For a one-year period ending June 2019, the S&P 400 MidSmallCap Index (total return) has declined 7 per cent, while the S&P BSE 100 index (total return) has gone up by 10 per cent.
The proposals in the Union Budget hint that the government will use the mutual fund (MF) route more aggressively to meet this year’s Rs 1-trillion-plus disinvestment target.
It has proposed tax exemptions to exchange traded funds (ETFs) that have central public sector enterprises (CPSEs) as the underlying. These ETFs will get the status of equity-linked savings schemes (ELSS). Additionally, the Budget has proposed extending the concessional tax rate of short-term capital gains to equity-oriented fund of funds (FoF) that are set up for disinvestments in state-owned companies or CPSEs.
"Equity-oriented FoF attract short-term capital gains tax of 30 per cent. The Budget has proposed reducing it to 15 per cent for FoF used for disinvestment," said Bhavin Shah, partner and leader (financial service tax), PwC India.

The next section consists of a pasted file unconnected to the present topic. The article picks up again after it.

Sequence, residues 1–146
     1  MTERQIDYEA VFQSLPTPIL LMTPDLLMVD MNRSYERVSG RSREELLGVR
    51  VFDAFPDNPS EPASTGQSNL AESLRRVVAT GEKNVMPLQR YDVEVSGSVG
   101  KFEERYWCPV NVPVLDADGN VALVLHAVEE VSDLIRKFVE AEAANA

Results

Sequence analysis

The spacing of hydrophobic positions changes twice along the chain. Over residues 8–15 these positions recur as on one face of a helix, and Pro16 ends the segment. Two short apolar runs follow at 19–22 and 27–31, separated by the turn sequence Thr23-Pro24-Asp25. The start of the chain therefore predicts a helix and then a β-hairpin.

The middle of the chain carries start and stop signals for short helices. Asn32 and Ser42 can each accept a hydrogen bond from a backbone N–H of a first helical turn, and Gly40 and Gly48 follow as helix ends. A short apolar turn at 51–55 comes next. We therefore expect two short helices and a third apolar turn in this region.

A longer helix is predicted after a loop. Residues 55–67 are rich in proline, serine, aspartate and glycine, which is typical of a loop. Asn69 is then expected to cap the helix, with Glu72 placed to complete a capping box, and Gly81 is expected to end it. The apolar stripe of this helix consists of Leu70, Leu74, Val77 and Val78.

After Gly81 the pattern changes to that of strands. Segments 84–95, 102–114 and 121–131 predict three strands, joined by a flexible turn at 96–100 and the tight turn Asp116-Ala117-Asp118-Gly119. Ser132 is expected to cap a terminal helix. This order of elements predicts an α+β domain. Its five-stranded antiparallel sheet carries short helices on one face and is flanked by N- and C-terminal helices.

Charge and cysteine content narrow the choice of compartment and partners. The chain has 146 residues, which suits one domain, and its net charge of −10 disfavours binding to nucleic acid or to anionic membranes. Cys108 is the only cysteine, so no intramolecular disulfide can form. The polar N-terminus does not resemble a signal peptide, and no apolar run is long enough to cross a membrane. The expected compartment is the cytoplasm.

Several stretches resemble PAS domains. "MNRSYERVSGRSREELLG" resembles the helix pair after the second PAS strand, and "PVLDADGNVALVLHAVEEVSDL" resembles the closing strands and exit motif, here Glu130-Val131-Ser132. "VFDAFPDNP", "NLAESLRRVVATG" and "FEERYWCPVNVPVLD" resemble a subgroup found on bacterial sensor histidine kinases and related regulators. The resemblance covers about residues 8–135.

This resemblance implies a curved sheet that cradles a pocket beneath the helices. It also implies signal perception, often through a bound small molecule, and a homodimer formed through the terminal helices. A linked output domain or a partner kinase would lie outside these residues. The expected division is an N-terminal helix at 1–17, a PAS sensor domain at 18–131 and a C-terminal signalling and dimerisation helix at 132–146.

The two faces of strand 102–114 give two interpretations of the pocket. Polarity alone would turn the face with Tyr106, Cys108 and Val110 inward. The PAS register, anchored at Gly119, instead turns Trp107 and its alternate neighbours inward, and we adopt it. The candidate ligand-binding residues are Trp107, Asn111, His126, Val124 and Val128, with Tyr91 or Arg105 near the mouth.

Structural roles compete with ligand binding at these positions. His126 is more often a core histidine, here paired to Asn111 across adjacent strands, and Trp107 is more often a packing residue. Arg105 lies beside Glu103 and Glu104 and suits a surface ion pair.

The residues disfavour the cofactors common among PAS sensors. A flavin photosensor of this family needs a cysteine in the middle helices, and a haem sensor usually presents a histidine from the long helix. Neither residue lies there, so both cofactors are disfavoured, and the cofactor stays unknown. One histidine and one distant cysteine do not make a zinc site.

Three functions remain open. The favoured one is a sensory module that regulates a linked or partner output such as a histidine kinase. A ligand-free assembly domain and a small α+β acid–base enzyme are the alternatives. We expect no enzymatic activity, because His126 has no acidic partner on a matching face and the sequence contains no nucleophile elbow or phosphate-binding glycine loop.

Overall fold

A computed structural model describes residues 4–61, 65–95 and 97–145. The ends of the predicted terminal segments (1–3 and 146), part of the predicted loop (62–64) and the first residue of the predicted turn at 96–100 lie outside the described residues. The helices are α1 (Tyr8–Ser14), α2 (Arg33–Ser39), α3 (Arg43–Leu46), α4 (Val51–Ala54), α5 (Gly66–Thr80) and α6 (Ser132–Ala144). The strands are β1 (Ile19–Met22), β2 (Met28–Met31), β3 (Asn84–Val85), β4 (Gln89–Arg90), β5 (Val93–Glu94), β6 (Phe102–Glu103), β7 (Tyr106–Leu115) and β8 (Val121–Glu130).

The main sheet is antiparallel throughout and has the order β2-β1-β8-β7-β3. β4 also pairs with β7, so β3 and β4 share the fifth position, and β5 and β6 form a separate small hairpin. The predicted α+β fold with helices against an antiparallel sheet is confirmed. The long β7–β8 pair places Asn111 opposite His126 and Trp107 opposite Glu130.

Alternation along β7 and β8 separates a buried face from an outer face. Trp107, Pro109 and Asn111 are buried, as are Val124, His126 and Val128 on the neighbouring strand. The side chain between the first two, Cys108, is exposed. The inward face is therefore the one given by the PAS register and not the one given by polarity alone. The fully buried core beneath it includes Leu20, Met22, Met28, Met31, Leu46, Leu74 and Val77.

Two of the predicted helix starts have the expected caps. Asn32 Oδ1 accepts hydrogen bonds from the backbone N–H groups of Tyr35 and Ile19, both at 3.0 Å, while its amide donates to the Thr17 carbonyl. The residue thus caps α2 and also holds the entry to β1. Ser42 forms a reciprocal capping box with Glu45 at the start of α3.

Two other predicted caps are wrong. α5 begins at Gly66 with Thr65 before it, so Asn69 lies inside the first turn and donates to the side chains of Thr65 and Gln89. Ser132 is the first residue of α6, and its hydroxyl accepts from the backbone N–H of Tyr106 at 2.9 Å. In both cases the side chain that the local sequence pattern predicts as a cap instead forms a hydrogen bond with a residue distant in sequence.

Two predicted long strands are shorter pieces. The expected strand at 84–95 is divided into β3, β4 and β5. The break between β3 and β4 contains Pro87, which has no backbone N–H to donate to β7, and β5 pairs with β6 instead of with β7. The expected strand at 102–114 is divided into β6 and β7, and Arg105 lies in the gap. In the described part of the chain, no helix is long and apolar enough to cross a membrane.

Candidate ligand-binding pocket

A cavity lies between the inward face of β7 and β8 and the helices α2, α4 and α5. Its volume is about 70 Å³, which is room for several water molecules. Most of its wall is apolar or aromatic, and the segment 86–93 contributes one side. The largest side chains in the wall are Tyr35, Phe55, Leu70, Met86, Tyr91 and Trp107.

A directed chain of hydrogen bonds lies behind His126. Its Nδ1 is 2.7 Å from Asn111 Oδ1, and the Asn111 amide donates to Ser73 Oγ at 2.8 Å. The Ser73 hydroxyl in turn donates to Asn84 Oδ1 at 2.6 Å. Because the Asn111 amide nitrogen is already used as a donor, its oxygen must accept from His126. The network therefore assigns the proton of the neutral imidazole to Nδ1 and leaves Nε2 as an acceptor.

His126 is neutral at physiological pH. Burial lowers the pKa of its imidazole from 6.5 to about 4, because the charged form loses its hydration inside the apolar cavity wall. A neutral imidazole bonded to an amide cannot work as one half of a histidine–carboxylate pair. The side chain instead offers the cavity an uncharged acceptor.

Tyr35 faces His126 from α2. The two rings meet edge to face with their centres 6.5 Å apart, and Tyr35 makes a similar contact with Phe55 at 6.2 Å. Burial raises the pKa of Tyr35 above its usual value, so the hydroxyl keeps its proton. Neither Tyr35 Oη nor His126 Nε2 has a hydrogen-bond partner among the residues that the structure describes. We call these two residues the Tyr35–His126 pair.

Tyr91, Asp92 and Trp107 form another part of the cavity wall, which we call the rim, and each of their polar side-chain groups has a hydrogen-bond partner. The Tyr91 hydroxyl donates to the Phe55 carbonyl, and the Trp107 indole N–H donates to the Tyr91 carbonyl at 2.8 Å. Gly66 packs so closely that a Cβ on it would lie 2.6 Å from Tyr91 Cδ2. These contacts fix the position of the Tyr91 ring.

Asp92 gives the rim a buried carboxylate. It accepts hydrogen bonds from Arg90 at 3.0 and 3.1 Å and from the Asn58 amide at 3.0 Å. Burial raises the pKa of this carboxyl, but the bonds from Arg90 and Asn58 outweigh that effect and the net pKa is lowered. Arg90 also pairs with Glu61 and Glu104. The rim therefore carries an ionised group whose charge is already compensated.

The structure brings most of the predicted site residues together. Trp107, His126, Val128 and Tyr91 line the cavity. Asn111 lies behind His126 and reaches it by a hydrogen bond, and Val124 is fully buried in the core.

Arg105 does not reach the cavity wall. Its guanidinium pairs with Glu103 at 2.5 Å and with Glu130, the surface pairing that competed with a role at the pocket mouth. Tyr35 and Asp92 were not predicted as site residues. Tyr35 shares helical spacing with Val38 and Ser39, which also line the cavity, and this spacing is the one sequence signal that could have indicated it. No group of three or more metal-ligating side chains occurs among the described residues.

FoF are subject to higher short-term capital gains tax, given these are not treated as equity-oriented schemes for taxation purpose. As a result, the 30 per cent tax rate applicable for debt funds is levied on these too. The proposal aims to incentivise even those investors who wish to place short-term bets. Experts say this will make participation in new and follow-on fund offerings attractive to traders scouting for arbitrage gains.
“The FoF structure could give the government an on-tap option. This will help the government react dynamically to market sentiment, and help increase retail participation in capital markets
via CPSE ETFs,” said Sundeep Sikka, CEO of Reliance Nippon Life AMC. An FoF structure will also allow investors.